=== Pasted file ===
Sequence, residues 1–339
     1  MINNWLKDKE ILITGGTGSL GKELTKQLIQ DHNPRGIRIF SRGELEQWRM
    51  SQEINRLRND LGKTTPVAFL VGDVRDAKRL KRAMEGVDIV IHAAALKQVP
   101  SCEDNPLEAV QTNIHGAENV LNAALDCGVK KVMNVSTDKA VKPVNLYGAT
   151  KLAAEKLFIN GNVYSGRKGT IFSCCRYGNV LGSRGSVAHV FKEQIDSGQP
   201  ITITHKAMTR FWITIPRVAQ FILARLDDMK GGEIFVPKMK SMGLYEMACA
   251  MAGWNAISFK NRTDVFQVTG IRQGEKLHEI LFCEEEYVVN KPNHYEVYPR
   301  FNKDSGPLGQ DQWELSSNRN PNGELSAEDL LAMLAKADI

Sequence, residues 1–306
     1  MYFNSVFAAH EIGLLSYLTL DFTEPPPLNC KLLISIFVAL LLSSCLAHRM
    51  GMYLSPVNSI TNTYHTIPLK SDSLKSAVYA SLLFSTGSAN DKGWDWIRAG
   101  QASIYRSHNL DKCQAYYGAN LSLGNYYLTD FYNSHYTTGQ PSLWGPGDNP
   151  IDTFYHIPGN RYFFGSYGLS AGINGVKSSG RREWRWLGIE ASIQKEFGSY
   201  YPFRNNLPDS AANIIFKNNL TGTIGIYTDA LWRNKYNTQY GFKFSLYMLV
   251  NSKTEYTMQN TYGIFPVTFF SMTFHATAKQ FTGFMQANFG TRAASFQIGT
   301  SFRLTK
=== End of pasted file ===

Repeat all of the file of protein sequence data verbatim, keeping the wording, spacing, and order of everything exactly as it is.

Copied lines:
Sequence, residues 1–339
     1  MINNWLKDKE ILITGGTGSL GKELTKQLIQ DHNPRGIRIF SRGELEQWRM
    51  SQEINRLRND LGKTTPVAFL VGDVRDAKRL KRAMEGVDIV IHAAALKQVP
   101  SCEDNPLEAV QTNIHGAENV LNAALDCGVK KVMNVSTDKA VKPVNLYGAT
   151  KLAAEKLFIN GNVYSGRKGT IFSCCRYGNV LGSRGSVAHV FKEQIDSGQP
   201  ITITHKAMTR FWITIPRVAQ FILARLDDMK GGEIFVPKMK SMGLYEMACA
   251  MAGWNAISFK NRTDVFQVTG IRQGEKLHEI LFCEEEYVVN KPNHYEVYPR
   301  FNKDSGPLGQ DQWELSSNRN PNGELSAEDL LAMLAKADI

Sequence, residues 1–306
     1  MYFNSVFAAH EIGLLSYLTL DFTEPPPLNC KLLISIFVAL LLSSCLAHRM
    51  GMYLSPVNSI TNTYHTIPLK SDSLKSAVYA SLLFSTGSAN DKGWDWIRAG
   101  QASIYRSHNL DKCQAYYGAN LSLGNYYLTD FYNSHYTTGQ PSLWGPGDNP
   151  IDTFYHIPGN RYFFGSYGLS AGINGVKSSG RREWRWLGIE ASIQKEFGSY
   201  YPFRNNLPDS AANIIFKNNL TGTIGIYTDA LWRNKYNTQY GFKFSLYMLV
   251  NSKTEYTMQN TYGIFPVTFF SMTFHATAKQ FTGFMQANFG TRAASFQIGT
   301  SFRLTK